Tuesday, July 1, 2014

Trip Report: Bolivia Part I - 2014

Greetings from Bolivia! This is my second time leading this extraordinary expedition, and it has been nothing short of amazing so far. Upon arriving, it hardly felt like 10 months had passed from when I was last here in the “Tibet of the Andes.” This trip, more than any other that I have led, combines the cultural with the climbing with such a grace and beauty that makes it a very special experience.

You can go to Alaska and get a trip that is 100% dedicated to climbing, or go on a travel/immersion trip that is 100% cultural. Our Bolivia expedition seems to strike a chord right in the middle. Even when we’re base-camping at the toe of the glacier and climbing 18,000-foot Andean summits, we come back to Bolivia when we’re done climbing. Our base camps are situated where locals come to fish the high-mountain trout from the glacial lakes, graze alpacas, and come by to socialize with our Bolivian staff. I find myself speaking as much Spanish as English, and wishing I knew Aymara (the local language, which is as popular in Bolivia as Spanish). We have chased hungry burros away from camp, gazed at horizon-to-horizon Milky Way (and the unfamiliar constellations of the Southern Hemisphere), spoken with toothless locals whose second language is also Spanish, and have shared the excitement of the World Cup with a country whose favorite sport is futbol.

There is a sense of locality that is often lost on us Americans in our daily life. Last week we hired Arrieros to organize their alpacas and mules to carry our camping gear. At the end of the trek, we bought fine alpaca goods from the men and women who raised the alpacas in this valley (the same people whose alpacas just carried our stuff). They did the entire process from raising the animal to making the wool into the hats, gloves, and tapestries that we bought from them, right next to their homes. Talk about local, not to mention vertical integration!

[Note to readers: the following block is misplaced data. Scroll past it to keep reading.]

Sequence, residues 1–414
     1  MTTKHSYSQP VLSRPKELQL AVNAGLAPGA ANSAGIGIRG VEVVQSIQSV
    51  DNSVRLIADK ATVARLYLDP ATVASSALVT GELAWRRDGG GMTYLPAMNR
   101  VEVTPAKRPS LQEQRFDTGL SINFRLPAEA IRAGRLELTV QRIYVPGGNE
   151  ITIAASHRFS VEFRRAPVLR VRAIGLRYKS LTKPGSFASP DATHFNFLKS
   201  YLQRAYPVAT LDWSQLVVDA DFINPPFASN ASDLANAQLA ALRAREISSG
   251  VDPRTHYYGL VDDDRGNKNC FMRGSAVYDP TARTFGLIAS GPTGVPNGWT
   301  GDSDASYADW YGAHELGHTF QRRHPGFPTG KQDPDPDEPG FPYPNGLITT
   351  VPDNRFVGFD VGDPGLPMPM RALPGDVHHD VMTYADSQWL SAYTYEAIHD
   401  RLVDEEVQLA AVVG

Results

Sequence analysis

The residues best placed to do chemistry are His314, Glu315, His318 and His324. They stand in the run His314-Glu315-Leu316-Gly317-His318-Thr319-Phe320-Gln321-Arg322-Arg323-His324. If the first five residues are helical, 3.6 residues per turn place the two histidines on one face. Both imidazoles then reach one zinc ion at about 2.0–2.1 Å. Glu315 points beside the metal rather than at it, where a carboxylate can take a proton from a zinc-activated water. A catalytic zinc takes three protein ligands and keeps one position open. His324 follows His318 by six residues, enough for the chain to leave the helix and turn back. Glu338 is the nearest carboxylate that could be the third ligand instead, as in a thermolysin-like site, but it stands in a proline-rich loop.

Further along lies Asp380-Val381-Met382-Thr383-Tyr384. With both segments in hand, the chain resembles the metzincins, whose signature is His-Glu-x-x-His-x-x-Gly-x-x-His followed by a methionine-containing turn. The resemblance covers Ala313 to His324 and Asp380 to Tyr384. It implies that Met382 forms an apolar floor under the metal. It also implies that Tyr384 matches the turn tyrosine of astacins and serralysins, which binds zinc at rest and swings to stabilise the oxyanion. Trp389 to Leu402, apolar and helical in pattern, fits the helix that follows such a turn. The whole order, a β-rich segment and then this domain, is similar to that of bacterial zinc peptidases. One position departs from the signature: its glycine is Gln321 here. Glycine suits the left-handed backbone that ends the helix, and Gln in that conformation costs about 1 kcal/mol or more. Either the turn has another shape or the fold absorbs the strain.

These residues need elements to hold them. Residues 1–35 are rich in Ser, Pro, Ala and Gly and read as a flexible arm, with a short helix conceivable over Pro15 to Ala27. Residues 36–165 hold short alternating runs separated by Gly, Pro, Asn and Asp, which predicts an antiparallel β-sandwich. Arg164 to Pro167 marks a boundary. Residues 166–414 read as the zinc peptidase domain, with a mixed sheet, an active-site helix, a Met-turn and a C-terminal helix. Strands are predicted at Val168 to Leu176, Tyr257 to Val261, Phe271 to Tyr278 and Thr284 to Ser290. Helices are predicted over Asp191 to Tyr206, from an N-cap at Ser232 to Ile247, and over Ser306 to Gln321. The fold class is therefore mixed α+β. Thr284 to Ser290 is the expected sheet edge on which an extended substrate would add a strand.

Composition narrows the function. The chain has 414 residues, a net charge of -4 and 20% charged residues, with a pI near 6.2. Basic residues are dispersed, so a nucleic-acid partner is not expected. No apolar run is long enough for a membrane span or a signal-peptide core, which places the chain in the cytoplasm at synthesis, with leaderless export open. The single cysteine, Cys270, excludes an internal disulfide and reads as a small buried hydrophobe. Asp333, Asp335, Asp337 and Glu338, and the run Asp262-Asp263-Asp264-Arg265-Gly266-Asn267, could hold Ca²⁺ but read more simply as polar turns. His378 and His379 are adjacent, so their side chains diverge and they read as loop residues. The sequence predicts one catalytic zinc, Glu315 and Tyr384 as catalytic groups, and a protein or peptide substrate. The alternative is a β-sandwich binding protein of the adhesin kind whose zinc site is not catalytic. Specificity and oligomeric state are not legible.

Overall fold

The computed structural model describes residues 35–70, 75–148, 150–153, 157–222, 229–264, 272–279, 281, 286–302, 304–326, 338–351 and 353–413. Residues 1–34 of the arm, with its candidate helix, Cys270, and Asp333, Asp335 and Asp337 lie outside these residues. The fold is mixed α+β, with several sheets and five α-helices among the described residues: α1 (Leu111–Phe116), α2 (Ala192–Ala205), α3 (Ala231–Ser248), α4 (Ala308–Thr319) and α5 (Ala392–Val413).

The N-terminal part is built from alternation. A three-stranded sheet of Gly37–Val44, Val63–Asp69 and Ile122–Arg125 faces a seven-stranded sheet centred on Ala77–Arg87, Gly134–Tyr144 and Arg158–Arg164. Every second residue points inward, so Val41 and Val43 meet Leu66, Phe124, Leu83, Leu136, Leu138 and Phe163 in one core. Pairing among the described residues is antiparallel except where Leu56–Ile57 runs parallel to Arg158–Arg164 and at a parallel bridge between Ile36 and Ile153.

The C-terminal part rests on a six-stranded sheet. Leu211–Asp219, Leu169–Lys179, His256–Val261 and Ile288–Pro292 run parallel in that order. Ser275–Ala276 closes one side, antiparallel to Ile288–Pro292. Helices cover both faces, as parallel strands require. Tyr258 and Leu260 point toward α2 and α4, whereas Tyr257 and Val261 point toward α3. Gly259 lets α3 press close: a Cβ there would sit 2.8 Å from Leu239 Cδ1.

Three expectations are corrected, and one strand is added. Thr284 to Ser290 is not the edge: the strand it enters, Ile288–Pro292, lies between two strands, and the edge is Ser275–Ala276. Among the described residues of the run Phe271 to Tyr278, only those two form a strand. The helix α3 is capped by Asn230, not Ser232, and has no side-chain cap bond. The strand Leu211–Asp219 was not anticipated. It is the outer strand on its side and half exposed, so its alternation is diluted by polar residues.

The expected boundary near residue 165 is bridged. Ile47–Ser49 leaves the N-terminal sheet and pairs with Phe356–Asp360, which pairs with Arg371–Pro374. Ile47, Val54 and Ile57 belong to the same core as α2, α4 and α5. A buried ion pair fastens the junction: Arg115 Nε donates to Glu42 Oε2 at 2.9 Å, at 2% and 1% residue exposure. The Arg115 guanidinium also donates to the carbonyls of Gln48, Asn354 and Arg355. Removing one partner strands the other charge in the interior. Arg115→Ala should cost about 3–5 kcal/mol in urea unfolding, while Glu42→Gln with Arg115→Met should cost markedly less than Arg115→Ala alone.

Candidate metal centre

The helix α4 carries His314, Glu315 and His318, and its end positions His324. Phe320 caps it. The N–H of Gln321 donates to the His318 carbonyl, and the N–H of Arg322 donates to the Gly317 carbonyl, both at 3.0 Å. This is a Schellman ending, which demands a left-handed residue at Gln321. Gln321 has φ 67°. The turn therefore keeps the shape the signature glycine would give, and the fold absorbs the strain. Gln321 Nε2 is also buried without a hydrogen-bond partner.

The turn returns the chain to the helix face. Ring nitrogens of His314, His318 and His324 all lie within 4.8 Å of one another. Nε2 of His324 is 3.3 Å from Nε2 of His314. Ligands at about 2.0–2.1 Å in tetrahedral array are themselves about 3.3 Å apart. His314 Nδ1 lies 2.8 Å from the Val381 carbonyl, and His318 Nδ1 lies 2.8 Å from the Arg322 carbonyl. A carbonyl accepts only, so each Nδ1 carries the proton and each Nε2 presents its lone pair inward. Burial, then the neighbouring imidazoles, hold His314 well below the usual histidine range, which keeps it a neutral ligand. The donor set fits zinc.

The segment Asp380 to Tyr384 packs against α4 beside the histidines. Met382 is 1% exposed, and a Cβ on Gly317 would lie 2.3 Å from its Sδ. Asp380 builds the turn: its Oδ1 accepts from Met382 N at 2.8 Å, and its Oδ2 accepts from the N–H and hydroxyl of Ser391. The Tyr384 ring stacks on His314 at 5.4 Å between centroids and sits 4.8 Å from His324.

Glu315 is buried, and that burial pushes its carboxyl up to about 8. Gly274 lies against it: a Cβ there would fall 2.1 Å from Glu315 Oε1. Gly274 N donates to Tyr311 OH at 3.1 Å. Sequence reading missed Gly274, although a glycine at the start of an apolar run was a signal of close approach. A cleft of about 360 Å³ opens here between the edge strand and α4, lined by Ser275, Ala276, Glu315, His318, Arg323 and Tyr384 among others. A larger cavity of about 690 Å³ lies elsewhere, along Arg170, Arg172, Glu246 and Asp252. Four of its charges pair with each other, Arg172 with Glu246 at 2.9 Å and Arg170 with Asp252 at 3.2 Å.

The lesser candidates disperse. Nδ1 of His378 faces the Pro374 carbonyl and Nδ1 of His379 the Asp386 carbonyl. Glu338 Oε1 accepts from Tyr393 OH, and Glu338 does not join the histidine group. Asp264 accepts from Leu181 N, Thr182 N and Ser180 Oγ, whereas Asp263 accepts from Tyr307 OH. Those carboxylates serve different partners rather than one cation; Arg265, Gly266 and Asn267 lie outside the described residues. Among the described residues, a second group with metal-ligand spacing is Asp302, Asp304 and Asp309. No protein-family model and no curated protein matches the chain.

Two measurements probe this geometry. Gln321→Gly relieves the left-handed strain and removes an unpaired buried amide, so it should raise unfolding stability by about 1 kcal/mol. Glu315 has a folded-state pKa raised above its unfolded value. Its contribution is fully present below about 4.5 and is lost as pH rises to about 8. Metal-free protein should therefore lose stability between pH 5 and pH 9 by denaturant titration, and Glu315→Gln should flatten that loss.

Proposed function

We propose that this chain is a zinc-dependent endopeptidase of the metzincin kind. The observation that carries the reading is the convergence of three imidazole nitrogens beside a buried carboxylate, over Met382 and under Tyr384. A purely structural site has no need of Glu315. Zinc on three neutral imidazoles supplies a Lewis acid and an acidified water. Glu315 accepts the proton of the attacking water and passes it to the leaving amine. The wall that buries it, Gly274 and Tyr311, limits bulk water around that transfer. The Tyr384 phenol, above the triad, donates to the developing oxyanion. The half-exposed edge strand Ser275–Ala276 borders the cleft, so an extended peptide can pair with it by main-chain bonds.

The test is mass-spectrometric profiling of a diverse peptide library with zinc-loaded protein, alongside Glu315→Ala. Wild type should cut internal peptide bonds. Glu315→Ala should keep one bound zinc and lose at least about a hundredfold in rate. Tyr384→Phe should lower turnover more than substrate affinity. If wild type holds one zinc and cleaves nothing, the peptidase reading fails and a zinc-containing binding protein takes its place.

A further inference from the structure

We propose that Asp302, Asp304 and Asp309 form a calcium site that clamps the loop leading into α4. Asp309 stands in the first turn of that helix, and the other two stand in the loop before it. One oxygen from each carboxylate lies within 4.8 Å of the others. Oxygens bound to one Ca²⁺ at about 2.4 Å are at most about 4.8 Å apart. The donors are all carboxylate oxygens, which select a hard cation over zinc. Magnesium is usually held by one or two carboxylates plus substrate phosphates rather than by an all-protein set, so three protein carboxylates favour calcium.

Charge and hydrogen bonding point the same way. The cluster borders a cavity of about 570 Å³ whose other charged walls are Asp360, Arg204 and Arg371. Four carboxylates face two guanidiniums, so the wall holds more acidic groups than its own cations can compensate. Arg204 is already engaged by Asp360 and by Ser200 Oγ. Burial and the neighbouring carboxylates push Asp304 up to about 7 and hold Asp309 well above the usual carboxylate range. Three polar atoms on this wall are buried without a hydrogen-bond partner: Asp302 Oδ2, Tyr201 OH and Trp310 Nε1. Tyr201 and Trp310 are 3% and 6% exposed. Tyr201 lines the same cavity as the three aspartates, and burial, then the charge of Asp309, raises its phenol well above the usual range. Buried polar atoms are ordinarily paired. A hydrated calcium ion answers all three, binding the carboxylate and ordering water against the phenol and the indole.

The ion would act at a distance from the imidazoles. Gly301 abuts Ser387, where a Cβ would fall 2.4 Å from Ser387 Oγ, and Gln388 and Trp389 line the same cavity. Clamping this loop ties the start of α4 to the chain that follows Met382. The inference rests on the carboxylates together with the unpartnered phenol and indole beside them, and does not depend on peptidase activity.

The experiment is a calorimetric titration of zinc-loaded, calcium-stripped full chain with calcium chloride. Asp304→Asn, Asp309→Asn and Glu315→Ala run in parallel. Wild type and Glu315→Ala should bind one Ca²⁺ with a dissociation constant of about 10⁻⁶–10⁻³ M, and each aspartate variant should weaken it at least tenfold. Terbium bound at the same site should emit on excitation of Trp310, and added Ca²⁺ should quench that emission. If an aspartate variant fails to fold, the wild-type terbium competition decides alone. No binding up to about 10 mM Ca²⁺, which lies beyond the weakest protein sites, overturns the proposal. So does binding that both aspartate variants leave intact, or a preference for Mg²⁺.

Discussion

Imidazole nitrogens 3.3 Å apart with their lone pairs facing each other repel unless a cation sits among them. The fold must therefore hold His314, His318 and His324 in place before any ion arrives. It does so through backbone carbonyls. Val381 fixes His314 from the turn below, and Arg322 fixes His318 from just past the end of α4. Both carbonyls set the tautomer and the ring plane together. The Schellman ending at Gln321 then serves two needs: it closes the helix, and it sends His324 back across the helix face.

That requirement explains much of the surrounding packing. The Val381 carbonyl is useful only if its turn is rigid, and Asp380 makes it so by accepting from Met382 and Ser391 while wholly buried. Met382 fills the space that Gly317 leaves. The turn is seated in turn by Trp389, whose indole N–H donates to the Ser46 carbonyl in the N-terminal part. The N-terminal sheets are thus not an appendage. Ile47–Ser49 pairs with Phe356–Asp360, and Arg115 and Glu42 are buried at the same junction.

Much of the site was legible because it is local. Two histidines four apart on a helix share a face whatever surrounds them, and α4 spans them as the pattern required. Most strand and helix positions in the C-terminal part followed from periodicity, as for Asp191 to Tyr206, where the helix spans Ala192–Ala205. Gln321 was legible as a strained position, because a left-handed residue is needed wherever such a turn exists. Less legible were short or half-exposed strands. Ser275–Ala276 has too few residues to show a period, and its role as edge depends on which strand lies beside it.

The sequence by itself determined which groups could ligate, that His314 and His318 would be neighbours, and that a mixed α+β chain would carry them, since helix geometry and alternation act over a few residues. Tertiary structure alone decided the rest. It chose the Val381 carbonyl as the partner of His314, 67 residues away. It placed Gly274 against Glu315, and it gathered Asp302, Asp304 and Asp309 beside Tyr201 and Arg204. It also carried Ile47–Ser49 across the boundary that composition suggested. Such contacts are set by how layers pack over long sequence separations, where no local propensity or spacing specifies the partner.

We have also sampled a culture that is, at its core, different than ours. We walk the streets of La Paz, the 12,000-ft. capital, where we gaze at dried alpaca fetuses, curanderos (traditional healers), innumerable kinds of potatoes and Andean natives like quinoa, maca, chia, and stevia, which have come into recent vogue in the US. 

We walk streets that host the peak of modernity alongside the traditional. I have watched Transformers 4 in 3-D, eaten sushi at a chic Japanese restaurant, mingled with university students and diplomats, and drank excellent Bolivian Malbec, right after coming out of the mountains where there were adobe and rock houses with straw roofs with alpacas, mules, and cows roaming outside (side note: the mountain locals don’t mark their animals, they recognize them).

It seems that Bolivia is a country in transformation, where worlds collide. Case in point: today at the Sunday outdoor fair, kids danced to a hardcore punk band while older generations danced across the street at a traditional music show with charrangos, pan flutes, and an electronic drum machine, some of whom dressed in traditional garb and others in city wear. It is truly fascinating to peer, as an outsider (always as an outsider), into a country that is so different from ours. These cultural experiences, at their best, serve to enrich both the traveler and the local (we hope).

Here’s to Bolivia.

Tomorrow we head out to the Condoriri Range to further acclimatize and climb. Later this week we’ll go to Huayna Potosi, one of the most prominent and beautiful peaks in the country. Enjoy these pictures that I’ve taken so far, and I’ll make sure to post again when we get back. 

Our trusty Bus, leading us into the mountains

A beautiful vista, day 2 of the trek

A side hike along an alpine lake, day 3

At a pass before making camp, breathing the thin air!

Along another beautiful lake

Finishing up the trek, day 4

Our driver & cook, Hidalgo, playing for his newest fan

The new teleferique, La Paz

--Mike Pond, Instructor and Guide

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